Alive at 5 (am) – My Writing Journey Today – Leisa Greene – EARLY OUT a Memoir.
My talented, social media savvy friend Lydia Aswolf extended a Blog hop invite to me a little over a week ago to write about my
writing process. She said, “As a rule, I don’t do these things, but it was for a dear friend and guest of the show (I count YOU as a good friend and guest of the show, too), so I’ve got to follow through. Plus, you know I love promoting you. So there.” Lydia has
been an incredible supporter of me since we first met on twitter well over two years ago now. She was my first official interview on her radio show, Lydia’s Literary Lowdown, and I have never felt more honored. Lydia also invited me to do a #FridayFive feature interview for the IT consulting firm she works for, B Resource. Not only that, this power house of a woman continues to encourage and motivate me to write; she genuinely loves the story I’m telling about my boys coming out early in life and the challenges my family has faced.
How can I deny her? I can’t! Nor, would I want to. So Lydia, for you and for all of those wondering where I am at with my memoir EARLY OUT, here you go.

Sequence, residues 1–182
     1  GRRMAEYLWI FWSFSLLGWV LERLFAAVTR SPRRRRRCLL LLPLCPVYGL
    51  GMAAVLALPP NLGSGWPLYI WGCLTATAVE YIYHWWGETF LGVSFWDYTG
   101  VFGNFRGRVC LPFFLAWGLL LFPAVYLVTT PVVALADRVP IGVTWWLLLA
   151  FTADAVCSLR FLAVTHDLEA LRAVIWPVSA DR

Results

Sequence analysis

I’ve been working on EARLY OUT since January of 2011. Last year I thought the book complete with eleven chapters, until I took it to a workshop. My peers read over a couple of my chapters and loved it. They said things like: “You’ve got me.” “I’m all in.” “I can’t wait to read more, what a story.” Then I heard, “Where are you in the book Leisa? After all, this is a memoir, right?” I said, “I am insignificant, the story is about my boys.” All eight readers in the workshop disagreed. They informed me that while they read it they wanted to know how I felt when people called my son Dustin “gay”. They wanted to know why I was on the phone with him, instead of in a face-to-face discussion. They wanted to know why I was absent and about my church life prior to the boys coming out. Before the writing workshop, Lydia also made reference to wanting more about my life in the Mormon Church and the catalyst that caused me to leave. During the workshop, I was asked by the instructor if I had written the nucleus of the story yet. I hadn’t. Well, I thought I had, but in fact I realized I’d only written the nucleus piece on the boys, not me. After all, I was adamant about leaving “me” out of it. I decided to write the nucleus piece, wrote it, and then I wrote about writing the nucleus on my blog. After that, fear set in and I didn’t pick up writing on EARLY OUT for a long time. Oh, I had excuses: a memorial for my mother, a new job, adjusting to the new job and very little time. But, that is what they were, excuses. Truth is I was afraid, afraid of telling it all. Afraid of who I am. Afraid of writing the hard core truth about why I was an absent mother during one of Dustin’s most difficult times in his life.